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Author Topic: Heathkit HW-101 lucky find!  (Read 16632 times)
N3QE
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Posts: 2159




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« Reply #15 on: April 10, 2008, 12:24:33 PM »

The HW-101 is a halfway decent radio... but nowhere near new. It had an exceptionally long life in production (spanning from the late 60's (if you count its earlier incarnation) through the 80's.

Perception-wise it's not up there with collectible classic equipment (e.g. Drake, Collins) or with modern rigs. But it's better than average for what the average ham was able to buy in the 60's or early 70's, and with a little TLC it'll last for a few decades more.

If you enjoy tinkering around with tubes, knbos, dials, broken O-ring drive belts, etc., you'll love it. Download the manuals from BAMA and start reading about the rig.

Frequency stability is so-so at best, and the filters not incredibly sharp on receive, but it can work just fine for CW and SSB and even a couple of the less demanding (stability-wise) digital modes.
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N2BIX
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Posts: 24




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« Reply #16 on: April 11, 2008, 04:18:29 PM »

I still have my origional HW 101,I built in the 1970's and it still works even after going through a fire at my house which smoked the hell out of it. The newer rigs (which i also have)just don't do it for me even though they have more features. I love the kerchunk of the relays and the warm glow of the tubes ,and so far as sensitivity goes ,it can hear things my icom 736 does not even know are their! Go figure! I guess i am just old fashioned! I always get good signal reports back on the rig as well!Some day when most of us old guys are gone ,you will be able to tell the Hams of the day how you used to tune your finals , ck your alc etc and probably hear a lot of newer hams who won't know what you mean. Have fun with it!Randy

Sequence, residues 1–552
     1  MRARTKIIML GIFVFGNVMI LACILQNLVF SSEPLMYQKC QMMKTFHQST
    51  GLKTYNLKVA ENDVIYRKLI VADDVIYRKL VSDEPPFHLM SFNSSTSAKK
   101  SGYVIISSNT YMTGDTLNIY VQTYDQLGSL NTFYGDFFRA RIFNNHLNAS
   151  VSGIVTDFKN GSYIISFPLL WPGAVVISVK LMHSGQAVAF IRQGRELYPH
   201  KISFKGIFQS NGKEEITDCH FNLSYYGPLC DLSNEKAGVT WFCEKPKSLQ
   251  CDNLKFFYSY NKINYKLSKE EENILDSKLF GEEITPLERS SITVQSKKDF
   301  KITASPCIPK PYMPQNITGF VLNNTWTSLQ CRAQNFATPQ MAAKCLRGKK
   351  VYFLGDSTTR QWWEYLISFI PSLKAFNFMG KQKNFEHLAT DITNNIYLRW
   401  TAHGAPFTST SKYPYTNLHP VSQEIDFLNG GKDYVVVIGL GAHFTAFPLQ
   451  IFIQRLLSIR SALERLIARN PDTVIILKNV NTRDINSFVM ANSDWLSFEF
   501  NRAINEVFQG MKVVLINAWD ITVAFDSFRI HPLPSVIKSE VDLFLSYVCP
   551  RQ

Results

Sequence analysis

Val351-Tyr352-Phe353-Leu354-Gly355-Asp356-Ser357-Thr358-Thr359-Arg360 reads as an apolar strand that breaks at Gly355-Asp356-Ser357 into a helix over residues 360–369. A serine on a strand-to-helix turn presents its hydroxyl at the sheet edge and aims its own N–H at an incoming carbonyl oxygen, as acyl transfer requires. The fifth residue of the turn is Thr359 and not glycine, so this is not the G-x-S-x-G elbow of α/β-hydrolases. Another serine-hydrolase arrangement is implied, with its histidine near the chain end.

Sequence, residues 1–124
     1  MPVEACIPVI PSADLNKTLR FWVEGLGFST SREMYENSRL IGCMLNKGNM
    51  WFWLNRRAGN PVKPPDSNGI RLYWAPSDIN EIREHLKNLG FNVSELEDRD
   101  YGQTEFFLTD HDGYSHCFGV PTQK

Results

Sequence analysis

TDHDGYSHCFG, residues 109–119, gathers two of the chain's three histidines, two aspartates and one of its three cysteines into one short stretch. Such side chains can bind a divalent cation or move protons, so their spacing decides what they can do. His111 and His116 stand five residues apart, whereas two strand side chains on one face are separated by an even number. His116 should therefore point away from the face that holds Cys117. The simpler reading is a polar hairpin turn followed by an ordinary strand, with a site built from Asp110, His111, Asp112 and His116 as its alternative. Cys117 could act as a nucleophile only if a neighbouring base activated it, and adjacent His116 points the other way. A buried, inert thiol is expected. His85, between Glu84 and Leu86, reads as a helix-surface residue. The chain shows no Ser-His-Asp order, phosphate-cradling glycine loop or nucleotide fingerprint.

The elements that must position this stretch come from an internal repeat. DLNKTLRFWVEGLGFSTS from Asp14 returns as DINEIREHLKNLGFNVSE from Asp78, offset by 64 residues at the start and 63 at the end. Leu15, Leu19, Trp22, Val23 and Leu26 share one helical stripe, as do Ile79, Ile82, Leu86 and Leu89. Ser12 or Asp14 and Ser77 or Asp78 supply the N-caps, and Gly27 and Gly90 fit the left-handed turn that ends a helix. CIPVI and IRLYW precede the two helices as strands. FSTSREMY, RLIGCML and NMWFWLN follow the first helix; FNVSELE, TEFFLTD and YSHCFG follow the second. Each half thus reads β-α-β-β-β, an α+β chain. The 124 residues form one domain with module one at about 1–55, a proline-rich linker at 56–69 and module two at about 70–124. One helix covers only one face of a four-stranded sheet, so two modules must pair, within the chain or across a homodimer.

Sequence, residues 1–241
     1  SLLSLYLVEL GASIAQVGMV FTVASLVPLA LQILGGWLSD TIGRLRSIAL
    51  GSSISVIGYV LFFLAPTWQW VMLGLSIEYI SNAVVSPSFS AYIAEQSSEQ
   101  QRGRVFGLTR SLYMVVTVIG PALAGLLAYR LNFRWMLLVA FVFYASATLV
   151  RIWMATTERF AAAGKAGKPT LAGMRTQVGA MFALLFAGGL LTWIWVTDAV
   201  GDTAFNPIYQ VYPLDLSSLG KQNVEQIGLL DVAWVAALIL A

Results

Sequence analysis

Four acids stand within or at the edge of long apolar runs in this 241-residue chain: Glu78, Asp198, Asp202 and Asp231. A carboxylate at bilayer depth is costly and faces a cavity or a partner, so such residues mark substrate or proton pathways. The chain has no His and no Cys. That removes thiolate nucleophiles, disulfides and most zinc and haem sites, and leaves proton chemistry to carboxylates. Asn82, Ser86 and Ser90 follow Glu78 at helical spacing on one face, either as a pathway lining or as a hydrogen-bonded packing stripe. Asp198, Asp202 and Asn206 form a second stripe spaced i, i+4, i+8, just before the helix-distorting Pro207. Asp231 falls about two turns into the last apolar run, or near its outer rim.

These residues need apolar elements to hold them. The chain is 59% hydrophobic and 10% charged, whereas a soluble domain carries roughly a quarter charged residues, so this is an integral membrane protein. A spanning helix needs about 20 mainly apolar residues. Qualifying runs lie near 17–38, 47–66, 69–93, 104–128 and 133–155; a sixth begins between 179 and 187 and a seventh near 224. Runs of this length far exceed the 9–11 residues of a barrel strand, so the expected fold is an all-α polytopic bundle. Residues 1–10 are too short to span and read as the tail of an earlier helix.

PS It also comes with human being size knobs!
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SEAGIANT
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Posts: 5




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« Reply #17 on: April 12, 2008, 07:28:20 PM »

Hi,
    Well, I'd like to thank everyone for all the information and opinions for this radio. Most especially Mark that first suggested to throw it away(grin) It seems he got some blood up from the loyal owners of the Hot Water-101 and really got me some good info! Thanks!
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W9PMZ
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Posts: 572


WWW

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« Reply #18 on: April 15, 2008, 01:12:40 PM »

what real ham throws anything away?

unless it is auctioned on eBay..........

73,

Carl - W9PMZ
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W4PBU
Member

Posts: 86




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« Reply #19 on: April 30, 2008, 08:07:08 PM »

What a buy!!!
A few years ago I purchased the same radio,ps & speaker from our ham club but paid quite a bit more.
All like new.
I also got all the original paperwork & manual with it.
I have a had a blast with this rig, it works great and takes me back a few years, love the old tube rigs.
It really becomes a topic of conversation when you put it on the air.
I also have a Heatk SB-102 with all the goodies and it is like new also.
If your rig works you stole it, if not it can be repaired quite easily unlike the solid state stuff.
I use the Shure Brothers 444 mic with my boat anchors and it works well.
Let me know how it all works out, best of luck.
Dave
W4PBU Tampa, FL
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N4ASX
Member

Posts: 13




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« Reply #20 on: March 05, 2010, 01:33:56 PM »